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Information Clerks are front-desk employees who combine customer service roles with clerical and administrative duties. These workers may also be known as Clerk Specialists, Office Assistants, Greeters, Front Desk Receptionists, Unit Assistants or Schedulers in the workplace, among a number of other common job titles.
The duties of Information Clerks can be widely varied according to the setting in which they are employed and the preferences of their employers. Healthcare settings, for instance, place different demands on these employees than would an insurance broker or corporate employer. Most Information Clerks can expect to be responsible for the following general duties in the workplace:
Information Clerks work in a very wide range of employment settings and industries, since virtually any business, agency or organization that interact with the public requires the services of these employees. According to the Bureau of Labor Statistics (BLS), Information Clerks held about 1,054,000 jobs in 2016. Their largest employers during that year were physicians' offices, dentist offices, personal care services and other healthcare practitioners’ offices. Other common employment settings include hotels, motels and resorts, local, state and federal governments, transportation and warehousing firms and insurance and financial firms, among many others.
The career outlook for Information Clerks is expected to be good in the coming years. BLS projects that job growth will continue in this field at a rate of 5 to 9 percent between 2016 and 2026, which is about the same as the average rate for all occupations.
Job growth rates will vary according to industry, according to BLS. Healthcare-related industries are expected to be leaders in terms of demand for Information Clerks. This is especially true of healthcare practices, such as offices of physicians, dentists and other healthcare providers. Local, state and federal government agencies are also expected to see good rates of growth in these types of positions. Growth is expected to be more limited in some other industries, as organizations and businesses move towards consolidating or automating administrative functions.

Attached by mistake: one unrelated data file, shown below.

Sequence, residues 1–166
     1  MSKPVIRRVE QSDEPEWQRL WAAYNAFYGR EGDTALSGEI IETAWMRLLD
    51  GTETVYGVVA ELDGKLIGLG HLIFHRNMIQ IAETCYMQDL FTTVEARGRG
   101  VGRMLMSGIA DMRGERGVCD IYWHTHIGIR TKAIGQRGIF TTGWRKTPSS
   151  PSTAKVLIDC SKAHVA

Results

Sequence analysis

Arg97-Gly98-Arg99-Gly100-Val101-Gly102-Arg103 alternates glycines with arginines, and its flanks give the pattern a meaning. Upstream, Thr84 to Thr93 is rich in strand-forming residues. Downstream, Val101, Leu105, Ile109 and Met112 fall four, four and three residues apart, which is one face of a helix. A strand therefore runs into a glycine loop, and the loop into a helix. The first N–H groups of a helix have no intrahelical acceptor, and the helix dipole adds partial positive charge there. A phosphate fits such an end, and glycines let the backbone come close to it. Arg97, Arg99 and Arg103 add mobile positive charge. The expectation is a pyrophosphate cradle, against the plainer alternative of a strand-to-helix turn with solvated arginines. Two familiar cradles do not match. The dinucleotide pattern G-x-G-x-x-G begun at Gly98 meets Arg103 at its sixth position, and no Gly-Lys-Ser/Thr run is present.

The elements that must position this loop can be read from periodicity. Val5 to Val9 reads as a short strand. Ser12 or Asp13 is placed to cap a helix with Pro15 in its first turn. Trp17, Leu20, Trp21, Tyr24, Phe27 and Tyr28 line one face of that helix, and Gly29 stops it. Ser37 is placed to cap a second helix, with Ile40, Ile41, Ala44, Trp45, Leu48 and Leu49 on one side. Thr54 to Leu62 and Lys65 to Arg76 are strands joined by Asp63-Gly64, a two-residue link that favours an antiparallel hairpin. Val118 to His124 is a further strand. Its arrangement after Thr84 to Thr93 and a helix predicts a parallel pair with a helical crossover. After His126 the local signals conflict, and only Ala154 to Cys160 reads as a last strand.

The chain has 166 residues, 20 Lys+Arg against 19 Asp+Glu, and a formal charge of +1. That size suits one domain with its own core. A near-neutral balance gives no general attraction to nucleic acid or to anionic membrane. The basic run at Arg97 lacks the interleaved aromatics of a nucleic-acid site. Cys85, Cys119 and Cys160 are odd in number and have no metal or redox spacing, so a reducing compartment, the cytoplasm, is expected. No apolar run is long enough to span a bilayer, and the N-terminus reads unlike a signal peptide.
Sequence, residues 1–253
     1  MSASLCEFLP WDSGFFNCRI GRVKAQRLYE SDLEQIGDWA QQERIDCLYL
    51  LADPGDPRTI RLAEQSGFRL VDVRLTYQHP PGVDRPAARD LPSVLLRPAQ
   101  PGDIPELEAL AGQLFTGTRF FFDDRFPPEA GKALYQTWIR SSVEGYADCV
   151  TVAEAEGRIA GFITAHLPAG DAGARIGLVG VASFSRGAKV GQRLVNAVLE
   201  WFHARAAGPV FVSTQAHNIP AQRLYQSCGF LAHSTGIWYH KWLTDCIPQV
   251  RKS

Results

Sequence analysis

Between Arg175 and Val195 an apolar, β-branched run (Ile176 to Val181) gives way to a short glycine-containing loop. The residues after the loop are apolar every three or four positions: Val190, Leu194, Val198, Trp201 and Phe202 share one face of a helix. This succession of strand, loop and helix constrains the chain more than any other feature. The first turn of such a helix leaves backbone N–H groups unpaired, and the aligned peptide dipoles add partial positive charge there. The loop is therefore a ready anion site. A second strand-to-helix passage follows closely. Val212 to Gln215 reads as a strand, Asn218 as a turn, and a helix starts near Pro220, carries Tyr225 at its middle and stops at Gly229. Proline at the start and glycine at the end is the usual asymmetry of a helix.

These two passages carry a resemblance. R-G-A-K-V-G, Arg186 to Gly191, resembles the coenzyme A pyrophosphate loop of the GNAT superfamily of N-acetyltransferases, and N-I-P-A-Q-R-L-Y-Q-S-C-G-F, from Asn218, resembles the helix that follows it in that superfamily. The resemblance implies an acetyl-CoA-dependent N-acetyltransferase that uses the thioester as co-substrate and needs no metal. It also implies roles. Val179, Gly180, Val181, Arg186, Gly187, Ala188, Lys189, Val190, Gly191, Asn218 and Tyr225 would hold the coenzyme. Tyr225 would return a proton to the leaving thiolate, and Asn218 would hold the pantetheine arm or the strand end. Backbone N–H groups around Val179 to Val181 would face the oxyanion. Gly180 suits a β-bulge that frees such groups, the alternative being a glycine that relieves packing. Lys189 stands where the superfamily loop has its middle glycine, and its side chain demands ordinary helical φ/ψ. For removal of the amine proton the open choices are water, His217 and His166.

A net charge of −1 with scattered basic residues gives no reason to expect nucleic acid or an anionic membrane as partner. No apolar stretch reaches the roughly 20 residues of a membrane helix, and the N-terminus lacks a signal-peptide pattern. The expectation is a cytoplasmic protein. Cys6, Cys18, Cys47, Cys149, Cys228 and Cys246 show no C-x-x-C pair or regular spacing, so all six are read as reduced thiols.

It is important to note that job market data from the US Bureau of Labor Statistics Occupational Handbook is intended only to provide insight on occupational opportunities. While it can give readers a general idea of the potential of an occupation or career path, it is not to be construed as a guarantee of salary or job title. Neither BLS nor Bryant & Stratton College can guarantee employment in this occupational field or any other.
To become a Receptionist and Information Clerk, it is necessary to have a high school diploma or equivalent and be educated in the use of office technology and other skills, including clerical, communication, customer service, interpersonal and organizational skills, necessary to function efficiently in the modern office environment. These skills can be acquired via college courses, such as the Office Administrative Assistant diploma program at Bryant & Stratton College.
Bryant & Stratton’s Office Administration Assistant Diploma program offers a foundation of the knowledge and skills you need to successfully pursue receptionist and information clerk positions. Earning this diploma can also prepare you for many other front-office positions in a range of professional settings, including clerical, office support and administrative assistant positions.
Additionally, completing the Office Administration Assistant diploma program can offer you a head start in taking your education – and your career – to the next level. Graduates of this diploma program can apply the courses it includes and the credits they have earned during their studies towards earning an associate degree in Office Management with Bryant & Stratton College.
Most newly hired Information Clerks are expected to undergo a period of on-the-job training as a condition of employment. In most cases, training programs for these positions can be completed within several weeks. Training typically covers clerical procedures, computer applications, telephone systems, policies and procedures for managing customers/visitors/clients, and other topics specific to employers, office environments and organizations.
However, on the job training is often more lengthy and complex for positions offered by local, state and federal governments. Training programs for these jobs may last several months as new employees are educated about government programs, policies, procedures and regulations specific to their positions.
For more insights into starting a career as a Receptionist and Information Clerk, please visit the Degree Insights section of the Bryant & Stratton College blog. By exploring the blog and our website, you will be sure to find helpful information as you plan your path to a successful and satisfying new career.